If you’ve never taken a closer look, you might think LARP (Live Action Role Playing) isn’t much more than a hobby, an excuse to carry a sword and rock a surcoat. But these days, that world of immersive, in-person gameplay is a big business, with more than a dozen national organizations in the U.S. and robust online industries churning out weapons, costumes, armor and jewelry for players around the world. Some even make it a career.
After spending more than half his life immersed in LARP, Steven Myer finally went pro at 31. When he was 16, he started LARPing via the Knight Realms game (think: life as a Lord of the Rings extra) in New Jersey, and immediately got hooked. For the next 10 years, the game played a major role in his social life. He met hundreds of people, immersed himself in the community and spent as many free weekends as possible living as a character of his own making.
Today, Myer works full time operating two franchise LARP groups (one in Pittsburgh and another in Richmond, Va.) as part of the network of the national LARP organization Dystopia Rising. Unlike Knight Realms, Dystopia Rising focuses on post-apocalyptic scenarios involving zombies, monsters, rival communities and rebuilding society.
Myer doesn’t get to run from zombies much anymore. As the owner, his role in gameplay is as a director, similar to a dungeon master in Dungeons and Dragons. He orchestrates the scenarios, oversees the game and handles the busy work of running a business. Building post-apocalyptic worlds takes a lot of paperwork.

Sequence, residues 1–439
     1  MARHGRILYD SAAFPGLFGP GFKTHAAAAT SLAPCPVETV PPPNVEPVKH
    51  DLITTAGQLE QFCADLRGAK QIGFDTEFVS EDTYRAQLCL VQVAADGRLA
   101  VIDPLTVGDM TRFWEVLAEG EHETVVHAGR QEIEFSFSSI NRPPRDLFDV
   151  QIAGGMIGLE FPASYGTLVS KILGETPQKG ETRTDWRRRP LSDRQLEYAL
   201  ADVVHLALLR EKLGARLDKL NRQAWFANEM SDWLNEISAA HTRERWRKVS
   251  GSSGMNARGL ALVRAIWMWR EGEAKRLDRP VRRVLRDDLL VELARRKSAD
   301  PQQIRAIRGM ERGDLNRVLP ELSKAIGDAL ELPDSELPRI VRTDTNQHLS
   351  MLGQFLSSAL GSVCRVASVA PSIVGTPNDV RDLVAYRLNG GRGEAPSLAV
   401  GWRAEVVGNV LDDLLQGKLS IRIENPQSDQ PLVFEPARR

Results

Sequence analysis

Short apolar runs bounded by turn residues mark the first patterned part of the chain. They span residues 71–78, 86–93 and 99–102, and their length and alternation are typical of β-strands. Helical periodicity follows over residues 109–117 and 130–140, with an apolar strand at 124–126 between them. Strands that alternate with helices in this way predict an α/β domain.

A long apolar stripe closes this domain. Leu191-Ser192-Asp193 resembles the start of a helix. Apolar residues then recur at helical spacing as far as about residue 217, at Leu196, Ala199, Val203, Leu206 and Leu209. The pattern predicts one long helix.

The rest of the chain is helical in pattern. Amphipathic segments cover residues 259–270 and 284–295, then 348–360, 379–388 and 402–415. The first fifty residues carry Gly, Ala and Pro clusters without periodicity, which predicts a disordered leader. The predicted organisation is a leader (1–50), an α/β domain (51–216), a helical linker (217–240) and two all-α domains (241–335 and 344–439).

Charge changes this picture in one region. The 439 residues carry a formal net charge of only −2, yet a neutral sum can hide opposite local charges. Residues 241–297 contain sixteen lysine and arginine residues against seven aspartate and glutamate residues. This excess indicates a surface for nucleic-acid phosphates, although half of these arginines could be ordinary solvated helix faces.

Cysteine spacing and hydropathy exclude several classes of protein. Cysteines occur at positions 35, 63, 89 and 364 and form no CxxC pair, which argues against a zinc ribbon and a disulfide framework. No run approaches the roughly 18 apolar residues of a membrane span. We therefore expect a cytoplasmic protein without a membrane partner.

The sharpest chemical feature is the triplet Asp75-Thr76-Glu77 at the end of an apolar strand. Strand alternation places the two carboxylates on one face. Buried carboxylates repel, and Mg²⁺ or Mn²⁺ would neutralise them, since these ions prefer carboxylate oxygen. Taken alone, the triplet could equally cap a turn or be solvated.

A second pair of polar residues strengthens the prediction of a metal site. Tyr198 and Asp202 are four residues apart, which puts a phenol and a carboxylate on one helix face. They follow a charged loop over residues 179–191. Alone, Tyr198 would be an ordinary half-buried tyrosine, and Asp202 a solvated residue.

There are also marshals, who operate as umpires during gameplay. If there’s a dispute over a fight (i.e., a character arguing that they were not hit) or an injury, the marshals are there to adjudicate the conflict or get the EMT. Players pretty much have free reign to do what they want with their personal characters throughout the weekend, but are required to contribute a four-hour shift as a zombie or monster.
Shift requirements may seem antithetical to open gameplay, but for many people immersed in LARP, the precision of the details and the rigidness of the rules are what make the experience so special. If you’re paying for a weekend of post-apocalyptic role-playing and dressing the part, you want that commitment to be reflected in all details of the game.
“I think it’s a good escape,” says Janelle Hayes, chairman of the board of the Pittsburgh Roleplaying Organization (PRO). “It lets you get all of your aggression out. We consider [LARP to be] a really good alternative [for] people, rather than turning to drugs and alcohol. There’s a lot of camaraderie, and everyone gets along really well.”
Myer, too, thinks the success of LARP is due to the mix of escapism from the real world, and the opportunity to make friends as you get older.
“You need a break of that retail life,” says Myer. “Come out and be a hero for a weekend. That has a lot of appeal to people."